You have evolved in a path that is totally your own.

In 1947 when I attended a show in Delhi of some specimens of traditional Indian artists for an exhibition to be taken abroad, I was totally taken aback. I understood then that these were our roots. In India we have evolved far beyond the art of the West and Europe. You see the work The Dance of Shiva for example. It has evolved over thousands of years. Human research that has gone into it over entire centuries. The great masters have already worked on this for so long, that we no longer have to. The great artists have done the traveling, and we should go on from there. Pick up from that point and we have to go on.

Do you visualize a thought and then begin painting or do you just go with the instinct? What is your method?

I have an idea. I research it.  The idea develops in the process. For example, I wanted to do a series on classical dance. I went and lived with the dancers to learn more about them. You have to research your subject thoroughly. In this age of technology anyone can paint a good picture but does it have relevance?

You have been accused of commercializing your art. But the little boy, the artist and the brand that you have famously identified as three separate identities within you, do they still coexist and work together?

These 3 characters are in my autobiography of the early 90s and they all meet together in me. All three identities move together with me at all times. The child within – the face of innocence, is very difficult to keep and maintain, but without it and without the artist, the third, which is the brand, does not work. In this commercial world you need the brand, but I am not concerned with the brand all the time. I simply use it to attract people. Only if there is substance, the brand works. Salvador Dali said any man could become famous, but only for 15 minutes. That’s how long it takes to expose lack of substance.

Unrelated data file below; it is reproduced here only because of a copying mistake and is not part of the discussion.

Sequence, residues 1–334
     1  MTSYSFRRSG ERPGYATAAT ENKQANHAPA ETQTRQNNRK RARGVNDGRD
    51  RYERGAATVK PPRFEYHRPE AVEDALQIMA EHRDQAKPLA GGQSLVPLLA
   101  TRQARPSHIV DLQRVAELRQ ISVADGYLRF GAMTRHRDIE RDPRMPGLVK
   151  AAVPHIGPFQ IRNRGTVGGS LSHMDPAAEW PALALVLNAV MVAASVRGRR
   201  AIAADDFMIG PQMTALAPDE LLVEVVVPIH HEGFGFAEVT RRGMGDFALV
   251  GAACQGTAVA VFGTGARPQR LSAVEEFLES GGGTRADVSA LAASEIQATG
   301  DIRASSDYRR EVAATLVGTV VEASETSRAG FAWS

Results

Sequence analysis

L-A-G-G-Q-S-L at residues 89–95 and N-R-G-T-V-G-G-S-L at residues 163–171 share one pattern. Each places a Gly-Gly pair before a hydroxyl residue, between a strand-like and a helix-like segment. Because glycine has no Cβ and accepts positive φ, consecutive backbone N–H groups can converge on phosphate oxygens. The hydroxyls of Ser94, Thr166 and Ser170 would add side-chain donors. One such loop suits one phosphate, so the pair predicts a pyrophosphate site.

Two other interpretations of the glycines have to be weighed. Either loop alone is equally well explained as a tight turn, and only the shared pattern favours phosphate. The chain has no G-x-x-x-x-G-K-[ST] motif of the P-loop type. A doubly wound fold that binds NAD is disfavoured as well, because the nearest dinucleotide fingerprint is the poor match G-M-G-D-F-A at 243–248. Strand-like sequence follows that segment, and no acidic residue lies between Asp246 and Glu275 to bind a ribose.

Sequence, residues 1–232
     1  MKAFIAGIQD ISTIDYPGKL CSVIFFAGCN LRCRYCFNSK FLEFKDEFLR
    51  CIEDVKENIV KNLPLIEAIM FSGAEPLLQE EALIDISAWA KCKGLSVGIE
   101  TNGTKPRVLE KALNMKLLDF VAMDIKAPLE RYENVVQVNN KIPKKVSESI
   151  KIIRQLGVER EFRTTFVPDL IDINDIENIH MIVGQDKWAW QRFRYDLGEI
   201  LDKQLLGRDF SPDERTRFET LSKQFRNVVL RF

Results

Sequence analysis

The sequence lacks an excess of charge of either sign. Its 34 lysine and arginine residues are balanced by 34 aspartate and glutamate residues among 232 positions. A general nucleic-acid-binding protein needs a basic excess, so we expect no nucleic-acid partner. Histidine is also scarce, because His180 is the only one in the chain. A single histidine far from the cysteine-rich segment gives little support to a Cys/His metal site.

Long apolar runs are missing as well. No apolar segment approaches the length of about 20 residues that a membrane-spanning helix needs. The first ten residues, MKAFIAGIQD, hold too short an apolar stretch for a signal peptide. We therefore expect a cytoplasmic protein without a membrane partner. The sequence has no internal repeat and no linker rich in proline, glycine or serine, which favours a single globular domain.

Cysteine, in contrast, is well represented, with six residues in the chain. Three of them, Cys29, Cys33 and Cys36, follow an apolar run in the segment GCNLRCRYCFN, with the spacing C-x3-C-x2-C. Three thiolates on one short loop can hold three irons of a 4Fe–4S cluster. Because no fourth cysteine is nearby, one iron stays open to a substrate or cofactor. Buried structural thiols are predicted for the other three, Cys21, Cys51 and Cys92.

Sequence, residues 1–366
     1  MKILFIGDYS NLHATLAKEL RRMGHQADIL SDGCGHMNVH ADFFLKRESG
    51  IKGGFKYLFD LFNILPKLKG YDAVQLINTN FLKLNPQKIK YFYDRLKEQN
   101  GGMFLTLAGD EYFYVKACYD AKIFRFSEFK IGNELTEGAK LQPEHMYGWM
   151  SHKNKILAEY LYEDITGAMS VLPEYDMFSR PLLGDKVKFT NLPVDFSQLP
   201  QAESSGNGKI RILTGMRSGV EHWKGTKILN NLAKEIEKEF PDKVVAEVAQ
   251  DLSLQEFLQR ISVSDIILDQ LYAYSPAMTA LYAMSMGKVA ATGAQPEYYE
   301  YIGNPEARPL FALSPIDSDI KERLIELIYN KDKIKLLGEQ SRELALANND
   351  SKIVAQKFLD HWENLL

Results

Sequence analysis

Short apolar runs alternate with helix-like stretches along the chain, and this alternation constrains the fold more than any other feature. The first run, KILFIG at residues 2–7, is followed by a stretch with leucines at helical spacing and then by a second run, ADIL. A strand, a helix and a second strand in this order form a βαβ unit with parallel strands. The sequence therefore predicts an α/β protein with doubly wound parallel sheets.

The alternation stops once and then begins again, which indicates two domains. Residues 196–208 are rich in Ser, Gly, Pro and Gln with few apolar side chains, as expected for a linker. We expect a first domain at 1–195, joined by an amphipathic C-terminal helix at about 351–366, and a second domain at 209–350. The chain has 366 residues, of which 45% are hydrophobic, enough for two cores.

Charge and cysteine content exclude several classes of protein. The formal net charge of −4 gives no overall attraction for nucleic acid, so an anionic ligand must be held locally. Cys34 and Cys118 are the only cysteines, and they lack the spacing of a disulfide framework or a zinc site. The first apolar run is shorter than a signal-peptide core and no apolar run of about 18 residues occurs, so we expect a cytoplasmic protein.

There have been some recurrent themes in your pictures. The horse is one, and your exquisite renditions and conceptualizations of womanhood in all her incarnations is another. What do these themes signify for you?

It began as a fascination for these concepts but they are simply the forms. There are so many nuances, so many thoughts behind each rendition. You can draw thousands of horses but in each you try to find something more, something new. You are not painting a stereotype. Every painting is an extension of the idea, each grows beyond and above.

You have explored many mediums of expression.